If you’re debating heat pumps vs air conditioners for your house then it’s important to understand the differences, and similarities, between the systems. The systems are more similar than you might think: some heat pumps can cool homes and some air conditioners can provide heating.
Air source heat pumps and ground source heat pumps are growing in popularity as a low-carbon heating alternative but heat pumps are not a new technology. Since the 1940s when American inventor Robert C Webber noted that heat was being rejected on cooling systems, heat pumps have been used to deliver heat to homes. The technology has improved since then and our understanding of how they work has dramatically increased.
Meanwhile most of us are familiar with air conditioning in our workplaces, in our cars and also in hotels and many shops. And while we usually anticipate cooling from air conditioning, air conditioners are often now able to heat as well.
Here’s what you need to know about how both systems work, and how to know which is the most effective option for your home’s requirements.
Can Air Conditioners Heat a Home?
Air conditioning units work by passing warm air over pipes or plates that have very cold refrigerant in them. The cold refrigerant absorbs the heat from the air and cools it, delivering the waste heat to the outside of the property.
They have a high turnover of air and the air can cycle through a unit many times, slowly decreasing in temperature each time it goes through. Humidity is also released from the air in the heat exchanger (the part of the air conditioner that extracts the heat from the air passing through it) and the air conditioning unit will have a built-in condensation pump to remove the water.
But some air conditioners which use a reverse cycle take low grade heat from the air in the room and enhance it before returning it to the air in the room. The resultant cooling is then rejected via the outdoor fan unit, meaning only the heat travels through the air.
Both air conditioners and heat pumps are classed as HVAC (heating, ventilation, and air conditioning) systems, and air conditioners are often referred to as air to air heat pumps. While they operate in the same way to air source heat pumps, they function the other way round when providing heating.
Can Heat Pumps Cool a Home?
Perhaps the first consideration to address before answering this question is to examine the different types of heat pumps.
In a wet central heating system, such as radiators or underfloor heating, heat is given up to water. This is the case with air to water heat pumps, commonly known as air source heat pumps. But if the heat pump gets its heat from the ground then this would be a ground to water heat pump, also known as a ground source heat pump.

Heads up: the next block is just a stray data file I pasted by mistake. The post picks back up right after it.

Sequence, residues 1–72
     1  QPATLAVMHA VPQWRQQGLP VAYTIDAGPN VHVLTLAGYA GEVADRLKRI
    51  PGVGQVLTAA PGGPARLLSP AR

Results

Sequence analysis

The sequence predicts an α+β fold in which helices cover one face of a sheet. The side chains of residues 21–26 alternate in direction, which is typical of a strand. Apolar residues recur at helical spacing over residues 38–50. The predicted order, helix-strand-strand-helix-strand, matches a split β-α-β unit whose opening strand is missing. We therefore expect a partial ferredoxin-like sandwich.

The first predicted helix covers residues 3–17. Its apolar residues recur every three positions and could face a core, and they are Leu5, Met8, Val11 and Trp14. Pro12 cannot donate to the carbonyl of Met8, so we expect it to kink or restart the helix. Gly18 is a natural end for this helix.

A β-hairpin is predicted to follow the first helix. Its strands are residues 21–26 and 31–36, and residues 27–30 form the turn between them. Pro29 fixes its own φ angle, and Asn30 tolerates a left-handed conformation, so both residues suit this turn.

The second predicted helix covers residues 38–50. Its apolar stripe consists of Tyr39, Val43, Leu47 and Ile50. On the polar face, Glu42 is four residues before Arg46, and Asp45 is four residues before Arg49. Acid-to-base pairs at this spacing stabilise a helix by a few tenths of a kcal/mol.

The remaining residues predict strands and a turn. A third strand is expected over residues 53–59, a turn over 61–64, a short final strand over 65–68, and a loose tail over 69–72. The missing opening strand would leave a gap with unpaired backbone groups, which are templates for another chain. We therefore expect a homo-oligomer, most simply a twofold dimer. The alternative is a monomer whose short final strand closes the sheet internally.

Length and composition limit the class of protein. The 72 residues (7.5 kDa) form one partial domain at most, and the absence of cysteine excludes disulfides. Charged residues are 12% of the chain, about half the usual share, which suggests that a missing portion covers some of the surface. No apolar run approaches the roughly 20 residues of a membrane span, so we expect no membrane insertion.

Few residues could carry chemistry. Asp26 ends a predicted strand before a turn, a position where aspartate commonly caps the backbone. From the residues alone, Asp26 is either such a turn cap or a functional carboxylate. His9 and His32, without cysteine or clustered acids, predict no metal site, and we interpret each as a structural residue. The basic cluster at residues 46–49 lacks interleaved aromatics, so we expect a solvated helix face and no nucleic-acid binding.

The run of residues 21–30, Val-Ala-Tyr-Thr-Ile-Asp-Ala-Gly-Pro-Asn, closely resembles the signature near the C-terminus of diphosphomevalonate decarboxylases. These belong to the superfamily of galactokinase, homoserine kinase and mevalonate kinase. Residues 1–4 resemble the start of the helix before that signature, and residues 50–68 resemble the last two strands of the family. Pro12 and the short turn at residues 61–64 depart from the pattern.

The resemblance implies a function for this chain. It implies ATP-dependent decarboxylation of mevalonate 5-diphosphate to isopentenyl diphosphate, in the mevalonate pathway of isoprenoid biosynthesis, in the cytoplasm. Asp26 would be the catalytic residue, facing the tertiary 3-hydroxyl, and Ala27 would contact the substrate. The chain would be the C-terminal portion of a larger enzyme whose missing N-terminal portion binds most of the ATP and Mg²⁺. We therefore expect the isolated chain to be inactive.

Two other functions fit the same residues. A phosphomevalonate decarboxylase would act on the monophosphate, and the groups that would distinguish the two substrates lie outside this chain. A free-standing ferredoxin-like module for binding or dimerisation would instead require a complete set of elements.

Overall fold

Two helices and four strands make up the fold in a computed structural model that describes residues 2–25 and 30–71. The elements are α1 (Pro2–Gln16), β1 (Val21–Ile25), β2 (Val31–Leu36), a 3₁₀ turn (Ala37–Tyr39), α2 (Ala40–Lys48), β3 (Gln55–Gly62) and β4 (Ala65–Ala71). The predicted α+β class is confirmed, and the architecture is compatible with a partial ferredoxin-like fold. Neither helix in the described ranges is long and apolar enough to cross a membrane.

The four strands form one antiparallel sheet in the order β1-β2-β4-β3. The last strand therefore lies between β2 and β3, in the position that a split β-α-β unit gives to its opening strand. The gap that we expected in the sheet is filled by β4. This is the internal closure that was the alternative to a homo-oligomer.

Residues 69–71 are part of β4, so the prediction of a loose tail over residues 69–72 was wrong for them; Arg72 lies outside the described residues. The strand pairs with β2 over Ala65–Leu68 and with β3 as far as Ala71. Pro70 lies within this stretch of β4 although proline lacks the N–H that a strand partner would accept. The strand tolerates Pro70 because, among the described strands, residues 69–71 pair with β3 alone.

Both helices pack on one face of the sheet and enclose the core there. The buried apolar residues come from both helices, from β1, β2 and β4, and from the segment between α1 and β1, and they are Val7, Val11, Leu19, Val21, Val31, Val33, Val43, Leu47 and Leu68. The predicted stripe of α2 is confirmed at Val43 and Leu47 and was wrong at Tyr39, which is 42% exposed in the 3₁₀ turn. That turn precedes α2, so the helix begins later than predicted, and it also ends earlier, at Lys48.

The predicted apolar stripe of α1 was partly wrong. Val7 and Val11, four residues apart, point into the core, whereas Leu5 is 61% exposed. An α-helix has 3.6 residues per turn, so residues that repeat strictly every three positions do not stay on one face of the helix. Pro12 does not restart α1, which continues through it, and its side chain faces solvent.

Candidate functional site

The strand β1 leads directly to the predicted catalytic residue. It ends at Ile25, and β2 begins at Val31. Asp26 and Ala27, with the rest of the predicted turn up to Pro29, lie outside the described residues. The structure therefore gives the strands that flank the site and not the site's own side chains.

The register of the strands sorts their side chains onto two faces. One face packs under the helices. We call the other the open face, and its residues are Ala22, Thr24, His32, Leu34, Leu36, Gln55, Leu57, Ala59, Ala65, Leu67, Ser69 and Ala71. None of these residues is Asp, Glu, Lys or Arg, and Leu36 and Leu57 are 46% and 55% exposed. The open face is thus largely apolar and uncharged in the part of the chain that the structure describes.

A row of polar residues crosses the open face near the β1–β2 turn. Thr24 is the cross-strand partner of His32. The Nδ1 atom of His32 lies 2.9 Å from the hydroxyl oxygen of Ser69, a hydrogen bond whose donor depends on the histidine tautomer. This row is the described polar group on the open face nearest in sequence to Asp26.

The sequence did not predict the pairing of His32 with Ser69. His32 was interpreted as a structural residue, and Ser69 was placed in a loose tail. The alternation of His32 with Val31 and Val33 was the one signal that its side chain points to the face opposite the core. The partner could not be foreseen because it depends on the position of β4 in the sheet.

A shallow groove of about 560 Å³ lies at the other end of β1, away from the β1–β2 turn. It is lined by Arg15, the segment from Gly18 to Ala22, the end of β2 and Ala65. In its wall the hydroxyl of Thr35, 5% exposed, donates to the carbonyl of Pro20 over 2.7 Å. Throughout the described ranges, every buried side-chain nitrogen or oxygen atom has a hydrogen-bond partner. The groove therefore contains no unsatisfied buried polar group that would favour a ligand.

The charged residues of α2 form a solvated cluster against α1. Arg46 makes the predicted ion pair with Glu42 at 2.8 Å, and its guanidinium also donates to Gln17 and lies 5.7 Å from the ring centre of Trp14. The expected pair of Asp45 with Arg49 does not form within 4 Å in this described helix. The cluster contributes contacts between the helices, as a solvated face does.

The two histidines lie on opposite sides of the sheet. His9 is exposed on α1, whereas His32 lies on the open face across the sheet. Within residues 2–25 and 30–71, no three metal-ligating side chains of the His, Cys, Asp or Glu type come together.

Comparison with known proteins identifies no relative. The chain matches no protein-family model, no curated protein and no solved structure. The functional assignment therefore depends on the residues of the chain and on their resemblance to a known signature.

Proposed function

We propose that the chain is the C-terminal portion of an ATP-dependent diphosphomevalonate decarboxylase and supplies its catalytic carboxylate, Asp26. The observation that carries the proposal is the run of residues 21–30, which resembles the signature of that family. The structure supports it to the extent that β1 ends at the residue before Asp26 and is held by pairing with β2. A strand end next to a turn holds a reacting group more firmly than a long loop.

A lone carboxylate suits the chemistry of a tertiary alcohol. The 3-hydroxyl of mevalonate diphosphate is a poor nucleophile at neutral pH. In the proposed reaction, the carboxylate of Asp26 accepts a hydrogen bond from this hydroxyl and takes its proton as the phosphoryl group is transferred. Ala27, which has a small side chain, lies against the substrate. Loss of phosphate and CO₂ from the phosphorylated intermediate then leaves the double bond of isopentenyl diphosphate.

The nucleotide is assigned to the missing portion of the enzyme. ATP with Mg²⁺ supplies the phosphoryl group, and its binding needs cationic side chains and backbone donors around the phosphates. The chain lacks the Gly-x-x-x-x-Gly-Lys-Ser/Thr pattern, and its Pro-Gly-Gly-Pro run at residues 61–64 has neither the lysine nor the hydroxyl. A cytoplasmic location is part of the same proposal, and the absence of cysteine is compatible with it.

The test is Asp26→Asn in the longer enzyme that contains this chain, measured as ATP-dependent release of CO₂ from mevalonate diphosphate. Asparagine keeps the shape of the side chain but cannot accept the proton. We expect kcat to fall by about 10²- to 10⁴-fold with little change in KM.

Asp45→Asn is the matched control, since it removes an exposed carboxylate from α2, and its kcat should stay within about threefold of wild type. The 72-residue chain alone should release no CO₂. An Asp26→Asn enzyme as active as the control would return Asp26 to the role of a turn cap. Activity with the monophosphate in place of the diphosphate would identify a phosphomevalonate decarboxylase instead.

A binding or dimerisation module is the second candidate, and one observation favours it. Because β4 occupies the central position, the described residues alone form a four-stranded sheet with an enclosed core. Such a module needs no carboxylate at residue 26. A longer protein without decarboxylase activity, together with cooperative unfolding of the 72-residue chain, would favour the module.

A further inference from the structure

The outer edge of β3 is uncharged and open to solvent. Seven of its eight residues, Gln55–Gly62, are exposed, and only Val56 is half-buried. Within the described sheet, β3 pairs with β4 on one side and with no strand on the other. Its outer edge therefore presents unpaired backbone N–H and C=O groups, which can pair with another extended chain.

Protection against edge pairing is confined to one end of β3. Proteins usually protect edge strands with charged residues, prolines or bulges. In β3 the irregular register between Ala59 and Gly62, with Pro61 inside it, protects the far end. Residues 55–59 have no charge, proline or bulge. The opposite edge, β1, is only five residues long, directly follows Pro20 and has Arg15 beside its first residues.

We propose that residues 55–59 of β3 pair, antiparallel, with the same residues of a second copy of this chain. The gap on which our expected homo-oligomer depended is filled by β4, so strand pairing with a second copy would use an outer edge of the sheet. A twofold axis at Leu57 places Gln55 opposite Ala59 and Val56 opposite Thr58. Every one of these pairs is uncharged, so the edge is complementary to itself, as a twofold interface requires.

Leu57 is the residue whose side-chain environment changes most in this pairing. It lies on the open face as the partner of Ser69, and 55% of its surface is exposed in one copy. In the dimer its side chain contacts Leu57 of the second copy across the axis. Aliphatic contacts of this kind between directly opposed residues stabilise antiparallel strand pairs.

The real difference between air source heat pumps and ground source heat pumps is the heat exchangers, which ultimately is the unit's ability to deliver heat (or cooling) to the home.
At the heart of each heat pump is a vapour compression cycle, often referred to as the refrigerant cycle. Low grade heat is absorbed by very cold refrigerant liquid which then ‘boils’ and becomes a gas. This ‘boiling point’ of the refrigerant in many heat pumps and air conditioning units is very often around -50°C which means that even outside air temperatures of -10°C will still ‘boil’ it.
Once it is a gas, the refrigerant passes into the compressor, and as pressure is applied to the gas it increases in temperature. The ‘hot gas’ now passes into another heat exchanger and heat is given up to the heating system as useful heat.
This vapour compression cycle is exactly the same as the one found in our fridges at home, or our air conditioners at work or in the car. The only difference is that we use the cooling as the useful element and the heat is rejected. You might say that the system is in reverse, so if you wanted to add a heat pump to your home, it is simply a case of working out whether you want the useful element to be cooling or heating.
Which System is Cheaper?
Air source heat pumps can cost up to £14,000 to install, while ground source heat pumps cost up to £15,000 depending on size and brand. And while heat pump grants exist to reduce these costs, it is still a significant outlay despite the potential to enjoy lower long-term energy costs.
Installing an air conditioning system costs around £1,200 per room, and installing the refrigerant pipes between the outdoor unit and the indoor unit can be a lot less disruptive than water-based central heating, as the pipes are only around 28mm diameter including the insulation. Air conditioning as a heating solution can indeed work, but you will need to think about how you intend to deliver your hot water.
Which Systems Provide Simultaneous Cooling and Heating?
An air source heat pump can offer cooling and an air to air heat pump (air conditioning unit) can offer heating, but there are a number of caveats. Significantly, the efficacy of each process does not deliver the same results in both technologies.